Since the housing crisis began, distressed properties — foreclosures, short sales and bank-owned real estate — have dominated much of the conversation around real estate and real estate finance. The latest data, however, seems to indicate those days might be over.
According to CoreLogic, this past April’s foreclosure inventory rate was at its lowest point since September 2007, and the number of mortgages in serious delinquency, after declining 21.6 percent from April 2015 to this past April was at its lowest point since October 2007.
This past May, the number of properties with foreclosure filings declined 21 percent year-over-year, according to RealtyTrac, which makes May the eighth consecutive month with a year-over-year decrease.
It is time to move past these foreclosure woes and change the conversation. The housing market appears to be in full swing with improved sales numbers and prices.
The National Association of Realtors reports that existing single-family home sales increased 4.7 percent from May 2015 to this past May. In the same timeframe, the median sales price increased 4.6 percent to $241,000. In fact, the median sales price for foreclosures also is increasing and was up 4 percent year-over-year this past April.
Mortgage finance remains cautious
Although homebuyers seem to be moving back into the real estate realm more enthusiastically, the mortgage-finance industry remains cautious. Credit has remained relatively tight since the housing crisis began, and underwriting requirements often contain challenges many potential buyers cannot overcome.
As the crisis begins to fade in the industry’s rearview mirror, former homeowners who suffered through delinquency and foreclosures are starting to come back into the market.
According to Fannie Mae’s underwriting guidelines, seven years after the completion date of a foreclosure action, borrowers are once again eligible for a Fannie Mae loan. Borrowers with a short sale in their credit history are eligible four years after the sale.
But are these, and other potentially credit-challenged borrowers, actually able to find financing to enter the housing market? By many indications, this remains one of the biggest challenges the housing industry faces.
According to data from Ellie Mae, the average FICO score for all closed loans was 724 this past May, the fourth consecutive monthly increase, though a slight-year-over year decrease from the average score of 730 seen in May 2015.
Borrowers with a credit score from 600 to 649 represented just 8.76 percent of the closed purchase loans this past May, and borrowers with a credit score below 600 represented a meager 0.47 percent of closed purchase loans.
Even Federal Housing Administration (FHA) loans still have relatively high average credit scores. Although the FHA allows for scores as low as 500 with a 10 percent down payment or 580 with a 3.5 percent down payment, the average FICO score for a closed FHA purchase loan was 686 this past May, according to Ellie Mae. Borrowers with credit scores below 600 represented just 4.17 percent of closed FHA loans.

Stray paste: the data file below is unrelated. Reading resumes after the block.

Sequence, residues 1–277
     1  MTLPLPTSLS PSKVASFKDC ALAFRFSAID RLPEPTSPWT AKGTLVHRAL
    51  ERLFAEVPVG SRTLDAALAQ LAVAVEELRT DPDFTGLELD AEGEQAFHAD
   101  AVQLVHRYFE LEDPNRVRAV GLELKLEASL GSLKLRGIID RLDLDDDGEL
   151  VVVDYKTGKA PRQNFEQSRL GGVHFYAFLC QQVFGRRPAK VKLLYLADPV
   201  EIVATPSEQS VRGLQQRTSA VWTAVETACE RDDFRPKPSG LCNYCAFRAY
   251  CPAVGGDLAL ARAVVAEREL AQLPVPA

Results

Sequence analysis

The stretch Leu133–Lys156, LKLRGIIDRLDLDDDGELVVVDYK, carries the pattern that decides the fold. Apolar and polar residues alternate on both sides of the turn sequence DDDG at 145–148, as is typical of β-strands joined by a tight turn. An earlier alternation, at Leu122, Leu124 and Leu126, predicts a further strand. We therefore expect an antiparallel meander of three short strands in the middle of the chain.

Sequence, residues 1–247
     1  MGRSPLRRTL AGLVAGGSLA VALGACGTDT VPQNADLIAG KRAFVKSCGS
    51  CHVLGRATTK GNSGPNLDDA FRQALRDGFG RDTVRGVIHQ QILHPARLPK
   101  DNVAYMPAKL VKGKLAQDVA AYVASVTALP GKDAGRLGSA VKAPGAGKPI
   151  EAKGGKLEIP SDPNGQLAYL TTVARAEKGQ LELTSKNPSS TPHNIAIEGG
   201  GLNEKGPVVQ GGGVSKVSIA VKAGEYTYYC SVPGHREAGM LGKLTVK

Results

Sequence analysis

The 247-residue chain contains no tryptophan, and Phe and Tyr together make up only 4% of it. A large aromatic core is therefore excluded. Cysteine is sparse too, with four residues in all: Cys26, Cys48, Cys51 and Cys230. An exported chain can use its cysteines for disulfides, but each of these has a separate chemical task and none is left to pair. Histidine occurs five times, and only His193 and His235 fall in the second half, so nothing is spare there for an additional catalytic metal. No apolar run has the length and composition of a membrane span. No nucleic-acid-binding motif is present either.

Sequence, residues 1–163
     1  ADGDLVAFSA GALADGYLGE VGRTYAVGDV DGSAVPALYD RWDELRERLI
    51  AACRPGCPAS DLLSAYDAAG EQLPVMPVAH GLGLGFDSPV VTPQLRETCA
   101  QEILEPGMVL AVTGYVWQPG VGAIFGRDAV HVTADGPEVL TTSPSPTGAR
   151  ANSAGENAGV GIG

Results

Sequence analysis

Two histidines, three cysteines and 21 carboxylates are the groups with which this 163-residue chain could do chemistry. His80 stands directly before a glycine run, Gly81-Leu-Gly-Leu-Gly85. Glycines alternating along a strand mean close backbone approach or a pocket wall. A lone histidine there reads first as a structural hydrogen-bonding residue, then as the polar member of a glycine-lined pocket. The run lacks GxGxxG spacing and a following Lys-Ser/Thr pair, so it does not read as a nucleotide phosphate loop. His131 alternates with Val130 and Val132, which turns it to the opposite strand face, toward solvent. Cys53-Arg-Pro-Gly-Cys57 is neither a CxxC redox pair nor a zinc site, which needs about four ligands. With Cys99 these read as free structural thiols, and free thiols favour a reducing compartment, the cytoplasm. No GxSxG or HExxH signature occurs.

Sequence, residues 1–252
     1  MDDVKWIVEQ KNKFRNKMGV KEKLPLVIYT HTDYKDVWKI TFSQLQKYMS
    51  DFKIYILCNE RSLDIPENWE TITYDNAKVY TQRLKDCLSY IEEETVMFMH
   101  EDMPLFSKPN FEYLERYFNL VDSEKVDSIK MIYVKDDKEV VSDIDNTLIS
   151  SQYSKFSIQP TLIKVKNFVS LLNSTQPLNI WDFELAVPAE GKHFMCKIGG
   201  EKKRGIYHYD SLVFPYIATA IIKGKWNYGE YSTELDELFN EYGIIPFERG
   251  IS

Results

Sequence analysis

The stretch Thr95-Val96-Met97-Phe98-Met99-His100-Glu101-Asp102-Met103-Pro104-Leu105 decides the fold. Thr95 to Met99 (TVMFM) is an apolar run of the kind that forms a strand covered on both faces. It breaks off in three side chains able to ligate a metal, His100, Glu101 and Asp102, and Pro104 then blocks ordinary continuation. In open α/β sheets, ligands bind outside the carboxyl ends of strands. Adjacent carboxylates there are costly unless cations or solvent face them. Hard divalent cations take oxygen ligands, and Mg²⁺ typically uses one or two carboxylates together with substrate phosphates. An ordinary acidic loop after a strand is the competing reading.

Although foreclosure and delinquent debt no longer loom largely over the industry, the shadow of its effects remains, and mortgage credit can still be elusive for many who seek to enter the housing market.
Many lenders continue to require high credit scores and significant down payments, even for government-guaranteed loans with less stringent guidelines.
What agents can do
Real estate agents with potential homebuyers who are falling between the cracks of the current lending environment should partner with lenders with a wide variety of loan products and with requirements that meet today’s financial realities.
Even though it seems as though the majority of lenders are still looking for customers with great credit and significant cash reserves, more and more lenders are creating new loan products to extend mortgage credit across a broad range of borrowers.
Real estate agents can help home seekers become homeowners by being knowledgeable about loan products and programs available to help a diverse array of borrowers.
In fact, many lenders today have lowered their credit-score requirements and down payment minimums, as well as created programs to helps borrowers with various loan-related fee structures.
Agents with clients seeking FHA or other government loan products should also seek lenders that specialize in government-sponsored loans that have manual underwriting capabilities to help potential borrowers with more challenging or unusual credit profiles.
Lenders that offer a wide variety of programs, including conventional loans and FHA-backed products, might be best-suited to help the diverse clientele with which many real estate agents work.
Although the foreclosure crisis is waning, there are still many states that are suffering with significant foreclosure inventory.
Regardless of whether your business deals with short sales, foreclosures or conventional purchases, real estate agents must be prepared to help their potential homebuyers purchase the home they desire.
By partnering with experienced lenders that offer a diverse array of loan products for every type of borrower, agents can help improve and grow their own business while also helping clients secure the financing they need to become a homeowner.